The symphony was finished in April 1938 and had its first performance in Febru-ary 1939 in Gothenburg under the baton of Tor Mann. The first performance was a great success, and the next year Tor Mann repeated the work in one of Danmarks Radio's Thursday Concerts, again to great acclaim from critics and audiences. After a reworking in the summer of 1940 the symphony was published by Skandinavisk og Borups Forlag with a dedication to the conductor of the first performance, Tor Mann.
Symphony no. 4
There appears to be a world of difference between Leif Kayser's first and fourth sym-pho-nies. Whereas the First Symphony is short, traditional in style, and ends with an explosion of youthful optimism, the Fourth Symphony is extended, complex, inward and almost defiant in its tonal idiom. It is music by a composer with scruples. What had happened in the meantime?
In 1966, when the Fourth Symphony was first performed, Kayser was acutely aware of the change in the spirit of the times, a change he did not care for. In an interview before the first performance he said, "Finally, I must disappoint you by saying that although this is a first performance, you must not expect it to be like what you usually understand by the music of our time. I have been so old-fashioned as to use music paper, and the instruments are also allowed to play." Modernism, which had made its entry in Denmark in the 1960s, had created expecta-tions in contemporary music that Kayser viewed as diametrically opposed to his own ideals and to the Danish, Carl Nielsen-influenced tradition of music built up from melody. There could be no question of betraying these ideals.
On the other hand he wished least of all to pander to banality. Angling after easy success was alien to his nature. When organists who wanted to perform his organ works complained over his use of the difficult-to-read C-clefs, he could reply acerbically that this was meant to weed out the inept organists. In his music he wanted to live up to the demands of the age for a progressive sound. The result that comes to expression in various ways in his works from this period is a raising of the tolerance threshold for dissonances and technical complications.
This forced him into the role of elitist reactionary, and seems to have made him entrench himself behind a defiant armour in his music as well as in his relations with others. One of many anecdotes about Kayser from recent years comes from the organist Charley Olsen, who often visited him in his modest presbytery to play through Kayser's arrangements of new music for four-hand piano. In the face of Stravinsky's Le Sacre du Printemps Charley Olsen had to raise the white flag. "Cissy!" was Kayser's comment.
The first subject of the first movement is heard immediately at the beginning in the oboe. It is in two parts: first a marching motif, then a small dotted turning figure with the designation grazioso. Both motifs are varied and elaborated in ingenious fugato fashion in the first section of the movement. Then a contrast comes: a long, peaceful melody over an underlying pedal-point in the bass and rocking figures in the bassoons. The compact recapitulation begins with the first subject in the brass and the move-ment ebbs out peacefully with a flute solo.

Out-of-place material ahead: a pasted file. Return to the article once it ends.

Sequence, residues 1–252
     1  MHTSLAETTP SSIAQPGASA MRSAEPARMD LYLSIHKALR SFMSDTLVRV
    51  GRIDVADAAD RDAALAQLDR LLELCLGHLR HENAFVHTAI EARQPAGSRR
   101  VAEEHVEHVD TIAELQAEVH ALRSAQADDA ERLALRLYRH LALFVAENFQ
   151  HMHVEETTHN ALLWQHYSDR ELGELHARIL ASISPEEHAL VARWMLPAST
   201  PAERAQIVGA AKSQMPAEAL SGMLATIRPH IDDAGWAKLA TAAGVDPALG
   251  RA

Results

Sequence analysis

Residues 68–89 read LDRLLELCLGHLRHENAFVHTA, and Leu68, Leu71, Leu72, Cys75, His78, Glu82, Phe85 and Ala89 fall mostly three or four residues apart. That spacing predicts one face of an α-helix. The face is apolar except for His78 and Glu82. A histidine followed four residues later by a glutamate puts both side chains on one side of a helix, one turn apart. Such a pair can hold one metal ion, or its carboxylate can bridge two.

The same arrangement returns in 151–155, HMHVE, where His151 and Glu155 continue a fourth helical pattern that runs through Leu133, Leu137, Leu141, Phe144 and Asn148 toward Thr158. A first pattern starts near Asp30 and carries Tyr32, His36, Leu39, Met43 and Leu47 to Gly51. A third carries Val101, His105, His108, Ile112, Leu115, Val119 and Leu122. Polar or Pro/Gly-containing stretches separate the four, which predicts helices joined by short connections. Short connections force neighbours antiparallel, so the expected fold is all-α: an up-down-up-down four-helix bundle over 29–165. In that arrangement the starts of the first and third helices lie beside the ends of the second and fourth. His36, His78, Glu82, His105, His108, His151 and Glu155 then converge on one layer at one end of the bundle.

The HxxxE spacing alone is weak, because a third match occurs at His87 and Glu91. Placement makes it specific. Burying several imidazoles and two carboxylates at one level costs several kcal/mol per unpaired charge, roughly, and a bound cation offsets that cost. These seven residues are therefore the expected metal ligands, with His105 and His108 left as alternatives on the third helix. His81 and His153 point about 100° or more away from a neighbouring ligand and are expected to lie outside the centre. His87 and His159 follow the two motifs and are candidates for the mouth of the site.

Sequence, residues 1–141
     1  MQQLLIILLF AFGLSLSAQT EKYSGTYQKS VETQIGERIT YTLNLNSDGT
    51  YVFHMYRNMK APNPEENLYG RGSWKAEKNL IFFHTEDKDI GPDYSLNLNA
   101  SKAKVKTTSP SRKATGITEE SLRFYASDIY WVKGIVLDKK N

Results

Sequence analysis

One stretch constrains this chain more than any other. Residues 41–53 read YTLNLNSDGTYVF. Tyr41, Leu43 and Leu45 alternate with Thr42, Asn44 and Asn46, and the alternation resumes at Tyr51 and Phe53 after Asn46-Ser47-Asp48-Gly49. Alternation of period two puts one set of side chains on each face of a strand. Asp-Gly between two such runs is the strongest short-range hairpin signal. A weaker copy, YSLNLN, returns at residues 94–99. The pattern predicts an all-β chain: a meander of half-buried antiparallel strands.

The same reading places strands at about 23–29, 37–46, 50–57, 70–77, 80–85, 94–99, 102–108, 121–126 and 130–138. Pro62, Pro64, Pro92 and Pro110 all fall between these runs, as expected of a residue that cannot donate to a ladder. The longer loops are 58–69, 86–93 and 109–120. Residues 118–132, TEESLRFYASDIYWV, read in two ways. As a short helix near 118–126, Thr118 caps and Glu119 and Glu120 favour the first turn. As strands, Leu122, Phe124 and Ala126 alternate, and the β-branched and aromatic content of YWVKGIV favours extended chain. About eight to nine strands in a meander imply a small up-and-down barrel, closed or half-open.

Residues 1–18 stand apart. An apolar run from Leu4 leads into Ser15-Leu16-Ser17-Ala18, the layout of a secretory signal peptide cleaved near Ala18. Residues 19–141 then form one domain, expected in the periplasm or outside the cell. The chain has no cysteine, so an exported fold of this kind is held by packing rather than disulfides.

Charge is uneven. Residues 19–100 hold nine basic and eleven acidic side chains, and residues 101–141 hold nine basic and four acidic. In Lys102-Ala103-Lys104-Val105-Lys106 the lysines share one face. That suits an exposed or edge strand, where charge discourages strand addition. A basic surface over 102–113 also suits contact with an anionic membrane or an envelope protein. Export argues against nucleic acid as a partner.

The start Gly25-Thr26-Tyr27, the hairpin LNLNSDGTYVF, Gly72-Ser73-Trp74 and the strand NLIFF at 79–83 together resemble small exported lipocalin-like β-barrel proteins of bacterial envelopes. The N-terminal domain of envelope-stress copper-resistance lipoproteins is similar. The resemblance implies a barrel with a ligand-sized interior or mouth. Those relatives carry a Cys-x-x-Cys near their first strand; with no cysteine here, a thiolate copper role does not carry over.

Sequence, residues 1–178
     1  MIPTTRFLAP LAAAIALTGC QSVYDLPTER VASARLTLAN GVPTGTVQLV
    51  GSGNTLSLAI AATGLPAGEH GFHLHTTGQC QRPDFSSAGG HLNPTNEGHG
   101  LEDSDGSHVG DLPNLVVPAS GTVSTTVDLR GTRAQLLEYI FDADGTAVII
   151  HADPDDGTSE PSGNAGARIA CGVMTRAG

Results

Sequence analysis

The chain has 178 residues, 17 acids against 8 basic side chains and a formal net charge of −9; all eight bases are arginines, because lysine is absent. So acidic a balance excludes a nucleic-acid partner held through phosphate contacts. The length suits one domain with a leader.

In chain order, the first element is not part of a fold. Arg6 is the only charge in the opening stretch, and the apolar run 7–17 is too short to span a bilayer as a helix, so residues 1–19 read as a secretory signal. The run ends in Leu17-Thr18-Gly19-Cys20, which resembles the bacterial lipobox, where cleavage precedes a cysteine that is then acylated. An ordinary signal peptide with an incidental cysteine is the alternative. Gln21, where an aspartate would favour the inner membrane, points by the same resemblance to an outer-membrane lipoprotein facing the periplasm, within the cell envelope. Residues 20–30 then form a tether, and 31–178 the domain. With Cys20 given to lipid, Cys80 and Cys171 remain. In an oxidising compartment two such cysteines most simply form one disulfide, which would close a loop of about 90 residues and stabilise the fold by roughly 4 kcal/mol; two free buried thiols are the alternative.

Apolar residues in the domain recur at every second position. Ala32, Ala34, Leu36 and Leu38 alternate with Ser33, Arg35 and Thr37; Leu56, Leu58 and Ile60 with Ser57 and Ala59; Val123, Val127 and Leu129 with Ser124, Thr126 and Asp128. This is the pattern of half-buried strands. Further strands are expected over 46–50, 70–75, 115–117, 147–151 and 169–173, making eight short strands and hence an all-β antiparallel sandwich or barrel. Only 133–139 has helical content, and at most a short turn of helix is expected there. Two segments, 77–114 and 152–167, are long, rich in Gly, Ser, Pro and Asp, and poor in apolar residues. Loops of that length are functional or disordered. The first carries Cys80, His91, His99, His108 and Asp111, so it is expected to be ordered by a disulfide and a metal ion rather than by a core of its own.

The second movement is the symphony's scherzo. After some introductory fan-fares quick string passages lead on to the theme, which is played in octaves by violas and cellos. Motivically related to this is a melody in the trumpets that manages to involve all twelve notes of the chromatic scale. In the middle section we hear a new theme that is treated in the fugato style, until the recapitulation enters at full strength.
The turnaround comes in the last two, expansive movements of the symphony, which interlock without a break, and each of which is longer than the whole First Symphony. A dark, agitated tone typifies the slow third movement, which is full of small intervals, jarring dissonances and an almost Sibelius-like fondness for the low registers of the instruments. In the middle section the woodwind engage in long soliloquies, and the recapitulation builds up to a violent, passionate climax, after which the music slowly falls calm over muffled drumbeats.
The final movement begins with imaginative cadenzas in flute and cor anglais, then the cellos present the first subject of the movement in the high register. If one notes that it is a movement dominated by melodies, that it is in a rocking 9/8 time and - especially towards the end - uses colourful instruments such as castanets, harp, tambou-rine and triangle, it must at the same time be said that the movement is stressful in tone and coloured by harsh dissonances that even affect the concluding, only partly resolving G major chord.
The first performance in May 1966 by the Odense City Orchestra under Martel-lius Lundquist was not an immediate -success. Even sympathetic reviewers said that "his thematic material is rather weak in character", and that "Kayser makes his task doubly difficult because he is in every way on charted territory in the shadow of a great past." It was to be the 47-year-old Kayser's last symphony.
Michael Garnæs, 2008